It’s the post we’ve all been waiting for: our third annual Super Bowl commercial roundup. There’s only one commercial this year, and an interesting one at that. Is this a sign of a different public toward the founding, compared to recent years? Very much so, I think.
There are many ways that Americans are choosing to resist the potential excesses and dangers of the impending Trump regime, among them organizing protests, trying to hold our current officials accountable, contributing time and money to various organizations that will work to protect those most vulnerable among us, tracking and working to prevent hate crimes, even exhorting the press to steel its spine for the days ahead. These, like what I am about to suggest, are all necessary, but not sufficient. But, thinking over the longer term, If we want our democracy to reflect the values of the majority of Americans while protecting those in the minority, there’s one issue that we should take up with fundamental fervor: the inviolable right and obligation to vote, and the principle every vote should count equally.
In previous posts, I’ve argued that Donald Trump cannot be trusted. Now let’s turn to the other straw at which optimists have been grasping, that institutions and professional hands will ensure that the Trump administration will keep to past norms of governance. Let us not be fooled.
In my previous post, I argued that we should not be lulled by false hopes based upon the pivot from candidate Trump to president Trump. But, one might say, maybe Trump’s 40-year pattern of misbehavior won’t be translated into policy. However, even the earliest indications, both from his camp and from his congressional enablers, indicate that those views, predilections, and behavioral deficiencies will in fact guide Trump’s policies in ways that will cause grievous harm to people, to institutions, and to the environment.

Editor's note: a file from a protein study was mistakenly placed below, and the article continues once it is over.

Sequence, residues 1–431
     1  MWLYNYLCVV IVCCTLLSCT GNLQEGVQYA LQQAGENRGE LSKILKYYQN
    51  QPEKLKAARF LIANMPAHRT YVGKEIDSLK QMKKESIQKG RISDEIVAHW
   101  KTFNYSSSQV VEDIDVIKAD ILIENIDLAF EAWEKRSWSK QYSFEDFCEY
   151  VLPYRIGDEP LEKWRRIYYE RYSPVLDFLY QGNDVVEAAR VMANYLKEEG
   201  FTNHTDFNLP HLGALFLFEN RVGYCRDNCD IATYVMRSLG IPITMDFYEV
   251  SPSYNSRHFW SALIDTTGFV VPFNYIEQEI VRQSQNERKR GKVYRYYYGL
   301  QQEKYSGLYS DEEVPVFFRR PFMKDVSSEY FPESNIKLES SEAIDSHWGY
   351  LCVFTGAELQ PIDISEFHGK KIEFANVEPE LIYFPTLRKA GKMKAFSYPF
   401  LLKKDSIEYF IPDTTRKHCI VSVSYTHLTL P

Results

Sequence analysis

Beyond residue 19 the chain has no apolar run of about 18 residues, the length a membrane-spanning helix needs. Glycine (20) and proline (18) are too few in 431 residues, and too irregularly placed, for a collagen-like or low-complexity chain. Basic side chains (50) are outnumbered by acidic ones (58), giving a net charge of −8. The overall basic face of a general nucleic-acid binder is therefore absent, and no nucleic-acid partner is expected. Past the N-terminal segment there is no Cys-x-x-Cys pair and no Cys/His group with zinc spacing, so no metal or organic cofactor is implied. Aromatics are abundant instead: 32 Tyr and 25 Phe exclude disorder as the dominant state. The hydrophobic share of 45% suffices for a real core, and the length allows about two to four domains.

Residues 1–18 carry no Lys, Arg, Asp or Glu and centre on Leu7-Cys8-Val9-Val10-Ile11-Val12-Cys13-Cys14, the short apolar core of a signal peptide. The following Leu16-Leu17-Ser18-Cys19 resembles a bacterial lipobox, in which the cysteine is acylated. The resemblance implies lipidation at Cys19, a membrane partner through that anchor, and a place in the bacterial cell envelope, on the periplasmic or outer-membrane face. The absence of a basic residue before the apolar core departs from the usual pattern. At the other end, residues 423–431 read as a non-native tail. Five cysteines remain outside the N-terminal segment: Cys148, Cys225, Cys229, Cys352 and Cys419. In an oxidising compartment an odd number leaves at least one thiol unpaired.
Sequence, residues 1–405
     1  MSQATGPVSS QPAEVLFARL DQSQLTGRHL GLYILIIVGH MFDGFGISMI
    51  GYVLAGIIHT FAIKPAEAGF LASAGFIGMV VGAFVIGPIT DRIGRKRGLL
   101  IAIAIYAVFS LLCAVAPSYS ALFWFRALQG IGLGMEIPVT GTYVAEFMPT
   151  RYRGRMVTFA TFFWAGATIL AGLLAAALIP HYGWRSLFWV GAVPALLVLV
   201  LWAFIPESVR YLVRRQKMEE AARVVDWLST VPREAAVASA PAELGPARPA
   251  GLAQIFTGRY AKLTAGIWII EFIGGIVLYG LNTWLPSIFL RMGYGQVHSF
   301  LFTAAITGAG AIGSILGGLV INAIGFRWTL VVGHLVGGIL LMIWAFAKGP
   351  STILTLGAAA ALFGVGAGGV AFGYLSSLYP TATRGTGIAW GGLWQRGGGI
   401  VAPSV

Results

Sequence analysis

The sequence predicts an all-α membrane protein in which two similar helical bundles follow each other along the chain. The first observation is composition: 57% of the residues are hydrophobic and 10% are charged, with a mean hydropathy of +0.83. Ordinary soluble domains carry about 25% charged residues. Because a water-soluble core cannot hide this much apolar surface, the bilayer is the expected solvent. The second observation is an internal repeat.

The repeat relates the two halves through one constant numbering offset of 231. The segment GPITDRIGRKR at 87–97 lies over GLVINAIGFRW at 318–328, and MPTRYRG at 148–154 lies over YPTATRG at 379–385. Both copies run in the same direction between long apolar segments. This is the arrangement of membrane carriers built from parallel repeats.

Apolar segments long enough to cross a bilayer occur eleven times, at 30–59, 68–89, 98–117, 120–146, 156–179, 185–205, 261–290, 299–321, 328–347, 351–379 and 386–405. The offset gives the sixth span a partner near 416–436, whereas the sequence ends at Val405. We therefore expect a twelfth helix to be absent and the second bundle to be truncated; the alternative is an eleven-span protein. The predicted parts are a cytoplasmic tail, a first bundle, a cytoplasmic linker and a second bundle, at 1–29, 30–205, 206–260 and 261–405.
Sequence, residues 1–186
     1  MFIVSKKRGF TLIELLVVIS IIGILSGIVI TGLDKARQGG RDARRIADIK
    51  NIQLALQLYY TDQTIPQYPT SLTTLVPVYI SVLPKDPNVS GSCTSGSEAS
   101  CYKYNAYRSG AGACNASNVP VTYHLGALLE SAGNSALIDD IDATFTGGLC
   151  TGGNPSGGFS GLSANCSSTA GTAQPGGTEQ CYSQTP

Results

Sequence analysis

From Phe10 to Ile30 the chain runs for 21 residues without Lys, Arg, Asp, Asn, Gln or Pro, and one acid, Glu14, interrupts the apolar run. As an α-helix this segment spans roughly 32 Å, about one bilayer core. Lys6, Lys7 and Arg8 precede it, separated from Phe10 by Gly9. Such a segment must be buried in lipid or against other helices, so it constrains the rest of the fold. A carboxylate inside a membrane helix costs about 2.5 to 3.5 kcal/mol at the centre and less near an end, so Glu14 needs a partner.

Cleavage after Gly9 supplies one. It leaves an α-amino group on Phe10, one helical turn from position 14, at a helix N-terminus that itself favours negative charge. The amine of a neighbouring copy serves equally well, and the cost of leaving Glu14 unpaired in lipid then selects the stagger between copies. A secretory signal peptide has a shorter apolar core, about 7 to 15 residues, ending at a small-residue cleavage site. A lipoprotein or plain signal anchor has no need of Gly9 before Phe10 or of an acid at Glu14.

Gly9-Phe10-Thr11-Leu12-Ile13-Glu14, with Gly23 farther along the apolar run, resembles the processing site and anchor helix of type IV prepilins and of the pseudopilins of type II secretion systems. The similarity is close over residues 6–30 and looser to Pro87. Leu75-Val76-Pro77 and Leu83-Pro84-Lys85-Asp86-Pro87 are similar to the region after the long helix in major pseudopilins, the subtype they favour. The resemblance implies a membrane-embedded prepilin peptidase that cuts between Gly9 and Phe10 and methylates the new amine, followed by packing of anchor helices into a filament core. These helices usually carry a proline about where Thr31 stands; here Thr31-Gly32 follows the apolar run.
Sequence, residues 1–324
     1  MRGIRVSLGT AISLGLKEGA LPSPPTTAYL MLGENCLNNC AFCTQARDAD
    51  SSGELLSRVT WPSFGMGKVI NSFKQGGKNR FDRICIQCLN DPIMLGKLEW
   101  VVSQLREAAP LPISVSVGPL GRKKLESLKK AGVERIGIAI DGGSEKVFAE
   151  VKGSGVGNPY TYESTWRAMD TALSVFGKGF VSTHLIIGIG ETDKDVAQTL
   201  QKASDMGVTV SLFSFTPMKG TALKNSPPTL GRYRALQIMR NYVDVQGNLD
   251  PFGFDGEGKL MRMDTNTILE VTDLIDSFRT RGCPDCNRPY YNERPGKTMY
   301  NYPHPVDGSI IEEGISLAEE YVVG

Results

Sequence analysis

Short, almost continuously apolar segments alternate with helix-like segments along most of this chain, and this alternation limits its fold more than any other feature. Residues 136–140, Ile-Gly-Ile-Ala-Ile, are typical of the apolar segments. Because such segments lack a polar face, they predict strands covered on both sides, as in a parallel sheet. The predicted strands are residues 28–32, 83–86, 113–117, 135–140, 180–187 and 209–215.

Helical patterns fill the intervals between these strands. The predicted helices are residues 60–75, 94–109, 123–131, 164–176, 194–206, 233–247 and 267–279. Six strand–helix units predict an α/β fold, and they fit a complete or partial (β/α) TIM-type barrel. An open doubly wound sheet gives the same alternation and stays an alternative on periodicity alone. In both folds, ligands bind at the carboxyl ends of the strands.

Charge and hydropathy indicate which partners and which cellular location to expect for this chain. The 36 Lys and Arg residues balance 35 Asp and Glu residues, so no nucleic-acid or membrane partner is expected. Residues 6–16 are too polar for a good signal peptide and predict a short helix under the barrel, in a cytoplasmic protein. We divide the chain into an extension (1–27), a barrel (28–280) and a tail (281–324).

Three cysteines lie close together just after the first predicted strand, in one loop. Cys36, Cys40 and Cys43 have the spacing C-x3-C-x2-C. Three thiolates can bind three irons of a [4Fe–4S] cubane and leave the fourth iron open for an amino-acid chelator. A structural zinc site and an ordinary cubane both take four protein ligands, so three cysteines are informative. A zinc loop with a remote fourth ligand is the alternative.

As part of this continuing series, it’s important to take a step back and establish why mobilization of a new kind and on a new scale is necessary. Maybe, we’d like to hope, Donald Trump will not be the disaster some observers fear. We might be tempted to think that Donald Trump’s excesses on the campaign trail were simply “politics,” as Chris Christie has already said about Trump’s oft-made promise to appoint a special prosecutor to look further into Hillary Clinton’s emails. We might be lulled by Trump’s gracious acceptance speech, or his cordial meeting with Barack Obama in the White House. We should not be so fooled.